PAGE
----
Evidence gaps and diversity among potential win–win solutions for conservation and human infectious disease control

Skylar R. Hopkins, Kevin D. Lafferty, Chelsea L. Wood, Sarah H. Olson, Julia C. Buck, Giulio A. De Leo, Kathryn J. Fiorella, Johanna L. Fornberg, Andres Garchitorena, Isabel J. Jones, Armand M. Kuris, Laura H. Kwong, Christopher LeBoa, Ariel E. Leon, Andrea J. Lund, Andrew J. MacDonald, Daniel C.G. Metz, Nicole Nova, Alison J. Peel, Justin V. RemaisTara E. Stewart Merrill, Maya Wilson, Matthew H. Bonds, Andrew P. Dobson, David Lopez Carr, Meghan E. Howard, Lisa Mandle, Susanne H. Sokolow

Research output: Contribution to journalReview articlepeer-review

1 Scopus citations

Abstract

As sustainable development practitioners have worked to “ensure healthy lives and promote well-being for all” and “conserve life on land and below water”, what progress has been made with win–win interventions that reduce human infectious disease burdens while advancing conservation goals? Using a systematic literature review, we identified 46 proposed solutions, which we then investigated individually using targeted literature reviews. The proposed solutions addressed diverse conservation threats and human infectious diseases, and thus, the proposed interventions varied in scale, costs, and impacts. Some potential solutions had medium-quality to high-quality evidence for previous success in achieving proposed impacts in one or both sectors. However, there were notable evidence gaps within and among solutions, highlighting opportunities for further research and adaptive implementation. Stakeholders seeking win–win interventions can explore this Review and an online database to find and tailor a relevant solution or brainstorm new solutions.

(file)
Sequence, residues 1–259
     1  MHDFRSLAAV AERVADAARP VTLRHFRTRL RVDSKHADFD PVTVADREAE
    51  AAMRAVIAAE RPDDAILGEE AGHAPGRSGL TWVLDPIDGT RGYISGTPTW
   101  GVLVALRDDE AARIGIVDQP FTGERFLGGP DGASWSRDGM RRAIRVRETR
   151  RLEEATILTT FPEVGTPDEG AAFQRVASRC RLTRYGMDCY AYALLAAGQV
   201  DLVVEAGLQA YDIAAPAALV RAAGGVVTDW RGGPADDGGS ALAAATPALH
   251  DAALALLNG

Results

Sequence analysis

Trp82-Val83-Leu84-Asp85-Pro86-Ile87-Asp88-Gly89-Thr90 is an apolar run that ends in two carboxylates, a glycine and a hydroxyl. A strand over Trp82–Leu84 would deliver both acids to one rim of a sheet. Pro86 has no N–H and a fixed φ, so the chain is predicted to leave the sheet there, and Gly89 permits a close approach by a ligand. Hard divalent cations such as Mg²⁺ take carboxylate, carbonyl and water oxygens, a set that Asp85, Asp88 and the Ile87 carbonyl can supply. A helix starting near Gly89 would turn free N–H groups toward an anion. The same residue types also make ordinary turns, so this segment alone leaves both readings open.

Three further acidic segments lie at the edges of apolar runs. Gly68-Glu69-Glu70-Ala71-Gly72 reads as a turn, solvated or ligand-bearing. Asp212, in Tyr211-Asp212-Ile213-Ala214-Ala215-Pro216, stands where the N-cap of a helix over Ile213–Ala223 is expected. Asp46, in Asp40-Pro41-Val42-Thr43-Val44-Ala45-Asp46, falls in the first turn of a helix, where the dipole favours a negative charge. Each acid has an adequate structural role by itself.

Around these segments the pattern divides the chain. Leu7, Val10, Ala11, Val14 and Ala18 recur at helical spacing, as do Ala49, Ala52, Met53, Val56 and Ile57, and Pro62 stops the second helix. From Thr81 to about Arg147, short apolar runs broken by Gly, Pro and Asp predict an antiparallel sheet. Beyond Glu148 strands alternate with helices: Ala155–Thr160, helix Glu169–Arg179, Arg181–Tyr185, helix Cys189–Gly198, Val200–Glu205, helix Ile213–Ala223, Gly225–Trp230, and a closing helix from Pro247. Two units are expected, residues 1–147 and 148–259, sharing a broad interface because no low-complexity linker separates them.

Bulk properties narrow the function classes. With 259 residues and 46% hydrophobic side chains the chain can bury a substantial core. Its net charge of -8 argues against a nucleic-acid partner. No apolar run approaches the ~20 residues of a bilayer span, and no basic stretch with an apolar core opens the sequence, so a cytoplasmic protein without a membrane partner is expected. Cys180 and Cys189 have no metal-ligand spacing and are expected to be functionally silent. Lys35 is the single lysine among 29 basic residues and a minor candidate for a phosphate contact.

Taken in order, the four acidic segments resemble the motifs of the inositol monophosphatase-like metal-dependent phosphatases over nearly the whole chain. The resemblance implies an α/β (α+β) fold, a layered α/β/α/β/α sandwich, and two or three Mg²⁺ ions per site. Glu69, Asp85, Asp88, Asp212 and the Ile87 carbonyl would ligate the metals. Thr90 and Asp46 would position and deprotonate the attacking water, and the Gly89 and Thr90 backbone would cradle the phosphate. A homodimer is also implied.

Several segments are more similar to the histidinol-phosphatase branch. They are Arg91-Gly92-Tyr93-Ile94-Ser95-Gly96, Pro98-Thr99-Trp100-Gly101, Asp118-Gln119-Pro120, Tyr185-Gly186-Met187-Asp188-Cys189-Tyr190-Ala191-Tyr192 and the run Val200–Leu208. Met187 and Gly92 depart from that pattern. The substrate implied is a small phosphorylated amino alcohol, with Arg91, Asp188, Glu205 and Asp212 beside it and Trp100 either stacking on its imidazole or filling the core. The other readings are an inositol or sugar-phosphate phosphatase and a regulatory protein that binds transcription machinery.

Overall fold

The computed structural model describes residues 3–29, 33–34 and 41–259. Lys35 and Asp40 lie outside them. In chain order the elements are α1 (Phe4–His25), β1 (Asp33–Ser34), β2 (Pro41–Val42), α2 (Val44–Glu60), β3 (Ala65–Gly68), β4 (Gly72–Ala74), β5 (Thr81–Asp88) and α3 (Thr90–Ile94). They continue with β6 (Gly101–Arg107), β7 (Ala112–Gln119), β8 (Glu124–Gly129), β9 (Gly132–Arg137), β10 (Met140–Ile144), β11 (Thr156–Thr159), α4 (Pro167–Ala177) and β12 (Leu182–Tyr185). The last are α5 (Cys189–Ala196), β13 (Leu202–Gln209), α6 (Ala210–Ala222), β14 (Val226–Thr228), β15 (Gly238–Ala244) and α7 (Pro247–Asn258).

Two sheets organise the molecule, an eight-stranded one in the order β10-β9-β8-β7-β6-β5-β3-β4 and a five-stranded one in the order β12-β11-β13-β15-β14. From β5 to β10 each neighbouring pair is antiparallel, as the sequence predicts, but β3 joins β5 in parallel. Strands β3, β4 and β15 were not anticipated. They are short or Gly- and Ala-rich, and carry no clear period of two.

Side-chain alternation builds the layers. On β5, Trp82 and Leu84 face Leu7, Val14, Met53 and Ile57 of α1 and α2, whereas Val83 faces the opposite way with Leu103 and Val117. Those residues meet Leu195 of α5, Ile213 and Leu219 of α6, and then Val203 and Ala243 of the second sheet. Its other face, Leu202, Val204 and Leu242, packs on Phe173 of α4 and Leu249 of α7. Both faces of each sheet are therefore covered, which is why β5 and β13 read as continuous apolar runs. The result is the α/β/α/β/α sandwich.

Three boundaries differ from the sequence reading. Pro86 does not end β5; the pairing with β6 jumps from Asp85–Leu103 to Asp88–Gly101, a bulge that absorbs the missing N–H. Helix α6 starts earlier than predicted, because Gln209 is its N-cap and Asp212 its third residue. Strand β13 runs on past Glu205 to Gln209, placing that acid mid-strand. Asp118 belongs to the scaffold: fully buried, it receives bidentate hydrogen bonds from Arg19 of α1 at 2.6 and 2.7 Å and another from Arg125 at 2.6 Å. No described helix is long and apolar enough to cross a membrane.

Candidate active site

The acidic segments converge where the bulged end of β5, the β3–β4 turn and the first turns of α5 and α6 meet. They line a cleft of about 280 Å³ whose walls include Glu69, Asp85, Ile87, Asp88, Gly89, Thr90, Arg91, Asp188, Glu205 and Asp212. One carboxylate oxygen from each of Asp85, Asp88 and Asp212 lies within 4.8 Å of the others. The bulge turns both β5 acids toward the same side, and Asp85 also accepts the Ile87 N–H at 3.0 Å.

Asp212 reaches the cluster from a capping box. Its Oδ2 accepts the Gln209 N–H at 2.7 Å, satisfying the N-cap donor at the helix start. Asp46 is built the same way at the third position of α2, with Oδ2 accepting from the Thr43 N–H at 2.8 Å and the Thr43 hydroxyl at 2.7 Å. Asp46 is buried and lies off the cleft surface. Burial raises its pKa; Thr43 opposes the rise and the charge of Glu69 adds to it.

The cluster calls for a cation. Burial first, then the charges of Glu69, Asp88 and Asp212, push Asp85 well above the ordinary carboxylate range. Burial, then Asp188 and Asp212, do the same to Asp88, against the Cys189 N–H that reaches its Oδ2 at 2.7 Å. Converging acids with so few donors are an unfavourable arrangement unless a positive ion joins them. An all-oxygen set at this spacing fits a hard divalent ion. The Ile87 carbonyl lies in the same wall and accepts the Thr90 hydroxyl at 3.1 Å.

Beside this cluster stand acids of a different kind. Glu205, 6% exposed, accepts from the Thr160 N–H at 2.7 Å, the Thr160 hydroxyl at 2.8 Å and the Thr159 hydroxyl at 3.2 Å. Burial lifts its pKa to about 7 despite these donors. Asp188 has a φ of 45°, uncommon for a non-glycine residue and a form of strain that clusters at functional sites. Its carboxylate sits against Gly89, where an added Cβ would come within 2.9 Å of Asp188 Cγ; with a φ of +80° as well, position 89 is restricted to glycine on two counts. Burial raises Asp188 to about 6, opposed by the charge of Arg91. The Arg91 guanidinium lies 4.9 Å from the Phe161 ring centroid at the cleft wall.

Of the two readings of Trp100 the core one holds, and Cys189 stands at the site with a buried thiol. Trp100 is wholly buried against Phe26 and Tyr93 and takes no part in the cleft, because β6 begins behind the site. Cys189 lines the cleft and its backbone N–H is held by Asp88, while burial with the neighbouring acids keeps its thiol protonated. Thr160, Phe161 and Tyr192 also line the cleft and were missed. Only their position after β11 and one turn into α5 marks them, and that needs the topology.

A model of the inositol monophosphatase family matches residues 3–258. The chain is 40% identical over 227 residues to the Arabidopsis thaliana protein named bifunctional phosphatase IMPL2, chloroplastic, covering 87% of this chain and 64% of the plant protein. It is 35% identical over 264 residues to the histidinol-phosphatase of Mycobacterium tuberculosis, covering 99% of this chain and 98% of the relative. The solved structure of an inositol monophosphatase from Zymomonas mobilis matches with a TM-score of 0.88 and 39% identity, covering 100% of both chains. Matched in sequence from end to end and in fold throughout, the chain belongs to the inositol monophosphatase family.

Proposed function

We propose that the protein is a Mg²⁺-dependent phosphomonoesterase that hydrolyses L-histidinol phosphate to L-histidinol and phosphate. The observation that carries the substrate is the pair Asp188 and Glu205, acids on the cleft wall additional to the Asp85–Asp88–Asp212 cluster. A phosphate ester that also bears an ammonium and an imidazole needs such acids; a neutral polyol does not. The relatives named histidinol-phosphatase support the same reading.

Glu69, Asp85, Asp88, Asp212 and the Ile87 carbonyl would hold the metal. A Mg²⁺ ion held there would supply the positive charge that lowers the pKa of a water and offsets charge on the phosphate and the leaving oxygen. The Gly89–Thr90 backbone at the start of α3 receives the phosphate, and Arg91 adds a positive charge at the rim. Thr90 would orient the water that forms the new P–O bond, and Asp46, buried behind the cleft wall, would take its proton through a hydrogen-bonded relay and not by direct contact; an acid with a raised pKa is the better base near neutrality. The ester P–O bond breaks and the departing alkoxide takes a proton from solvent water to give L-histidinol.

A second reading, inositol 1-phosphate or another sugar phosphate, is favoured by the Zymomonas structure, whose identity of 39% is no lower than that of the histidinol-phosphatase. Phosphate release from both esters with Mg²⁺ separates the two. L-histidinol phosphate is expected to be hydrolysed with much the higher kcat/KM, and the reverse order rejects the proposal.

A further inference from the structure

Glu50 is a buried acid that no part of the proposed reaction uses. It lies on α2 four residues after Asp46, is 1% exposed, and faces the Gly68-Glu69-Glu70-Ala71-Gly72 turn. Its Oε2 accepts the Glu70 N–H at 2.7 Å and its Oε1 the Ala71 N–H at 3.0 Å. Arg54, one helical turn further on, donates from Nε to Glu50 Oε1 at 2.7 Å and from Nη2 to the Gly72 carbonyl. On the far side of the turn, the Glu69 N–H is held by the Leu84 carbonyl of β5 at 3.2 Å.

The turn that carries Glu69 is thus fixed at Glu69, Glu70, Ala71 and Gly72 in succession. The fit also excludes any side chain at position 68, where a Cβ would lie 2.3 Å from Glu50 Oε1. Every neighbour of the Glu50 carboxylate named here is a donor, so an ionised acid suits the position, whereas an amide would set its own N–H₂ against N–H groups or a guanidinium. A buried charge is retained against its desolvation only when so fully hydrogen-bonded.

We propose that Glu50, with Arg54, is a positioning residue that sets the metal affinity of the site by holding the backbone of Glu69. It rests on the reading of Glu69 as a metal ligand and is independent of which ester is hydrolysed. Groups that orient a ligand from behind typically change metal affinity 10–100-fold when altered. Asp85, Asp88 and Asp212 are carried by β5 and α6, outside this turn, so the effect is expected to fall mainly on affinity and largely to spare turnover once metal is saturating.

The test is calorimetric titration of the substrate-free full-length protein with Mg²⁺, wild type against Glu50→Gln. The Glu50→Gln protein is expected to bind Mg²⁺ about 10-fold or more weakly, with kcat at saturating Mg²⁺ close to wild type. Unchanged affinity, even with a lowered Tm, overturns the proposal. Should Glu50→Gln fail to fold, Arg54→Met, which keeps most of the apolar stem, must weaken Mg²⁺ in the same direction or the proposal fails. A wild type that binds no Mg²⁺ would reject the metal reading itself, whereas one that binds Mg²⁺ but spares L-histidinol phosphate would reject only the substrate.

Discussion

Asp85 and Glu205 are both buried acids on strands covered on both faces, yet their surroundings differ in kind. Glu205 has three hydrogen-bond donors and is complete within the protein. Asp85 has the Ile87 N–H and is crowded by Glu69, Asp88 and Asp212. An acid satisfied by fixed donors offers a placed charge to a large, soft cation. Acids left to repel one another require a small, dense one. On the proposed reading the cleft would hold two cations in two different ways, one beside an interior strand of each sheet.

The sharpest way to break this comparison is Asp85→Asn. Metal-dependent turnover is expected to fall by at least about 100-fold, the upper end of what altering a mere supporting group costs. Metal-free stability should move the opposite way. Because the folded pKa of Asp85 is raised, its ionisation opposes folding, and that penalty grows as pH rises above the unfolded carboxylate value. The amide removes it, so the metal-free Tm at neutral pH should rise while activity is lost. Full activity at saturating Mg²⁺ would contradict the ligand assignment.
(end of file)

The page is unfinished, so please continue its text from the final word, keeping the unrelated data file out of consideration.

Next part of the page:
Original languageEnglish (US)
Pages (from-to)e694-e705
JournalThe Lancet Planetary Health
Volume6
Issue number8
DOIs
StatePublished - Aug 2022

All Science Journal Classification (ASJC) codes

  • Medicine (miscellaneous)
  • Health(social science)
  • Health Policy
  • Public Health, Environmental and Occupational Health

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